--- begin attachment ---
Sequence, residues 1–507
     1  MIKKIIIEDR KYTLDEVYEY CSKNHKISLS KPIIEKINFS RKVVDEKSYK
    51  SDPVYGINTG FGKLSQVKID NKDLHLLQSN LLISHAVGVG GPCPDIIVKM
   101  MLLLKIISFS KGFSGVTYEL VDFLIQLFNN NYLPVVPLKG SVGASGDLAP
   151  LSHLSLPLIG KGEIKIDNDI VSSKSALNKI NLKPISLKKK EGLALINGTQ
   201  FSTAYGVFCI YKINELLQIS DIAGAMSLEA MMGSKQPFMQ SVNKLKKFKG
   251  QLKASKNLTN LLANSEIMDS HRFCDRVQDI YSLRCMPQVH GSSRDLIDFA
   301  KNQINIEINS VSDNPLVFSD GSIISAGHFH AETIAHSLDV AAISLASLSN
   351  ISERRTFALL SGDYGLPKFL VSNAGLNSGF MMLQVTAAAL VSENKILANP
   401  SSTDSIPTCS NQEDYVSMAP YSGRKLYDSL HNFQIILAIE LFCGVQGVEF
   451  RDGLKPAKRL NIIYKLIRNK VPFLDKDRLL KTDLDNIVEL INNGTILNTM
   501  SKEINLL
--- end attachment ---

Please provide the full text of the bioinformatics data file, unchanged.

Sequence, residues 1–507
     1  MIKKIIIEDR KYTLDEVYEY CSKNHKISLS KPIIEKINFS RKVVDEKSYK
    51  SDPVYGINTG FGKLSQVKID NKDLHLLQSN LLISHAVGVG GPCPDIIVKM
   101  MLLLKIISFS KGFSGVTYEL VDFLIQLFNN NYLPVVPLKG SVGASGDLAP
   151  LSHLSLPLIG KGEIKIDNDI VSSKSALNKI NLKPISLKKK EGLALINGTQ
   201  FSTAYGVFCI YKINELLQIS DIAGAMSLEA MMGSKQPFMQ SVNKLKKFKG
   251  QLKASKNLTN LLANSEIMDS HRFCDRVQDI YSLRCMPQVH GSSRDLIDFA
   301  KNQINIEINS VSDNPLVFSD GSIISAGHFH AETIAHSLDV AAISLASLSN
   351  ISERRTFALL SGDYGLPKFL VSNAGLNSGF MMLQVTAAAL VSENKILANP
   401  SSTDSIPTCS NQEDYVSMAP YSGRKLYDSL HNFQIILAIE LFCGVQGVEF
   451  RDGLKPAKRL NIIYKLIRNK VPFLDKDRLL KTDLDNIVEL INNGTILNTM
   501  SKEINLL